Eight years of being together is a long time to walk away from, and it’s a decision you shouldn’t take lightly. But, if the two of you have come to a true understanding and neither is willing to give or take, then it could be time to accept change and move on from each other.

REMEMBER, if you do settle, this is a choice you are making. Settling here could mean not getting married or having a kid, or it could mean having a baby and never being married.

If you compromise and choose one of those options, you must be okay with that decision for the rest of your relationship. For the rest of your life!

You would be deciding to take a deep breath and then let it go. You would have to let go of your desires to have a traditional family. You can’t use it to fuel fights or win arguments. You can’t allow it to build resentment and hatred. You truly must let go and move forward.

If you can’t compromise and be happy, MOVE ON!

Do I Adopt My Partner’s Child?

Reader’s Question:

My boyfriend and I have been together for 3 years and I have been an active part of his daughter’s life. She just turned 6. Her mother is out of the picture with no plans to return, ever. He has been talking a lot about me adopting her, but I am unsure if I want this. I love her, but if he and I were to split up, then I would still be responsible for a child that is not mine. Thoughts?

This question hits close to home.

Both of my children are adopted. I feel so blessed and grateful. I was lucky enough to meet a man so loving and so compassionate, as to take children that were not his own, and love them more than he could ever possibly imagine.

He and his family took my boys in and never looked back. We are the modern family.

We may not be “held together by blood,” but our bond is just as strong. Clearly, when you adopt a child, it’s a choice. You don’t get the chance to choose the baby you give birth to, but you get to choose, and really think about adopting a child that you already know very well. It’s very special for the child. Especially for children like this child, who don’t have two full-time parents in their life. They want that normalcy, they “need” it, they “need” to feel like everyone else. When a one parent-child gets adopted, instead of being a step-child, they feel like they are whole and complete and part of a “real family.” They now have two parents to love them unconditionally. Two parents that will never leave them. For them, because they have never had this, it is life changing.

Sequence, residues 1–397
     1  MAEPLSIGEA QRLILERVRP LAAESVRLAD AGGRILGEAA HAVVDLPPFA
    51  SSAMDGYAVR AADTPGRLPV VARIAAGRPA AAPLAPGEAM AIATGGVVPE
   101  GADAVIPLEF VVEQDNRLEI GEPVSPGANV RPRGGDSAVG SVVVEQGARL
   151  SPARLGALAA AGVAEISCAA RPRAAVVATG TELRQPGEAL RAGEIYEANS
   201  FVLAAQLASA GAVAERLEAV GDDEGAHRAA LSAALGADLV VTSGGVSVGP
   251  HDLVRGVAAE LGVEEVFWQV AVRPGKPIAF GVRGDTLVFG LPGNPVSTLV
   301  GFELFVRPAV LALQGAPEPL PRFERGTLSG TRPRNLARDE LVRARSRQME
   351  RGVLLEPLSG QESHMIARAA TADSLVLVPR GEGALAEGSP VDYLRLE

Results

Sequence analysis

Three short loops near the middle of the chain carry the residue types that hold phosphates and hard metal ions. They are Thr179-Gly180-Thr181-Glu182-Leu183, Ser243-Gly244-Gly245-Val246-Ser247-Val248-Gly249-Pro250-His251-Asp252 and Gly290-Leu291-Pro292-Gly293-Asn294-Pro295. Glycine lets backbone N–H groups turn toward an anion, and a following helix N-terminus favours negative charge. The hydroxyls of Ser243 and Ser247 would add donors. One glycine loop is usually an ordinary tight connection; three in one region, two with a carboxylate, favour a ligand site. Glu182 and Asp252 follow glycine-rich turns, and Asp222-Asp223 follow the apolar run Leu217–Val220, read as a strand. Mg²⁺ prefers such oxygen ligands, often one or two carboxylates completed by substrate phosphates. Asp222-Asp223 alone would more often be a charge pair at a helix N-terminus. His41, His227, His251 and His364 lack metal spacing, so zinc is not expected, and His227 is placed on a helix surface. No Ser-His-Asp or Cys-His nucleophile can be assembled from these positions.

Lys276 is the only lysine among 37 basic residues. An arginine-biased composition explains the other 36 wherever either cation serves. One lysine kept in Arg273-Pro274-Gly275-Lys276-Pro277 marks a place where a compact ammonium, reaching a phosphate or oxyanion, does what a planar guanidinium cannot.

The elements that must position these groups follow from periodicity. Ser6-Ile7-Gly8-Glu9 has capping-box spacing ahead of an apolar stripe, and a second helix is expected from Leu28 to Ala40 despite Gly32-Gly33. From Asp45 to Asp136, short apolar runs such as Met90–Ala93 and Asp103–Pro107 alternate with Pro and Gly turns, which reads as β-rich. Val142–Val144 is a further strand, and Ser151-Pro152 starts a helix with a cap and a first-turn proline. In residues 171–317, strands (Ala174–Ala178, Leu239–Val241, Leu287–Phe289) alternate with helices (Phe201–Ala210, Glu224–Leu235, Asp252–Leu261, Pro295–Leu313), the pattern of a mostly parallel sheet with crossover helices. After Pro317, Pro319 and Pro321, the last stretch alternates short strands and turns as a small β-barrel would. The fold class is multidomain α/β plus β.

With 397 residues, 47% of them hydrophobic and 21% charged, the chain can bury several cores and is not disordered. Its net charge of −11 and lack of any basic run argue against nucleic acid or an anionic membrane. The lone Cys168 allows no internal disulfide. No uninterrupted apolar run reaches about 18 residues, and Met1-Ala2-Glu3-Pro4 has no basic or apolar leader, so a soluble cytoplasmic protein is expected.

Most kids don’t get this opportunity. The opportunity to feel like even though one of their parents “doesn’t want me,” this person does…and is choosing me!

I am going to assume by your written tone, that you are feeling some serious hesitation. That is perfectly okay. Adopting a child is a monumental decision and you need to take your time and decide what is best for you, as well as everyone else involved. You are not married and so you have the right to use caution and think ahead. Please remember to be honest when you communicate.

It is okay to say no. It is okay to explain that you are not ready. It is okay if you probably never want to do it. Just be honest and open now, so that you can all be on the same page and hurt feelings will stay at a minimum.

There are many benefits to adopting a step-child. When a parent-child relationship is made formal and permanent through adoption, both adoptee and adopter usually acquire a true sense of love, security, and a sense of belonging to each other. Adoption processes are not quick or easy, but when it is final, you get to be a parent, and that is an amazing feeling for anyone that decides to do it.

Plus, you didn’t have to go through some of the hardest parts. E.g. child birth, no sleep, dirty diapers, et cetera!

While there are amazing benefits, there are also things to consider. If you two don’t work out, then you are still legally responsible for all obligations that a biological parent is. Including financial obligations, and even support through college.

I suggest you think long and hard about this lifetime commitment. Maybe start by consulting an attorney to make sure you fully understand your rights and responsibilities.

Otherwise, if you love her, if you feel like you will care about her for the rest of her life, no matter what…Consider adopting her as one of the greatest things you will ever do in this world! Don’t consider adopting her for your boyfriend, only for you and her.